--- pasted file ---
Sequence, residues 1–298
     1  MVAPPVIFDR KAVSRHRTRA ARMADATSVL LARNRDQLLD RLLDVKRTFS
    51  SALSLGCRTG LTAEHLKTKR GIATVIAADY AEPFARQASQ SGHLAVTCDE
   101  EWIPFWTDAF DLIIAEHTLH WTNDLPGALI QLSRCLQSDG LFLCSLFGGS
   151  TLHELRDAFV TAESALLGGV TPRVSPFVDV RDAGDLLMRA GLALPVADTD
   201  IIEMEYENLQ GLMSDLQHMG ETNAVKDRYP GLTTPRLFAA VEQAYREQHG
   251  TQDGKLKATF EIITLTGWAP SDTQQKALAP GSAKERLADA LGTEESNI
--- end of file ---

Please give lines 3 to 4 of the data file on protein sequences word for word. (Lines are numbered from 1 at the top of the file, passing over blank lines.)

    51  SALSLGCRTG LTAEHLKTKR GIATVIAADY AEPFARQASQ SGHLAVTCDE
   101  EWIPFWTDAF DLIIAEHTLH WTNDLPGALI QLSRCLQSDG LFLCSLFGGS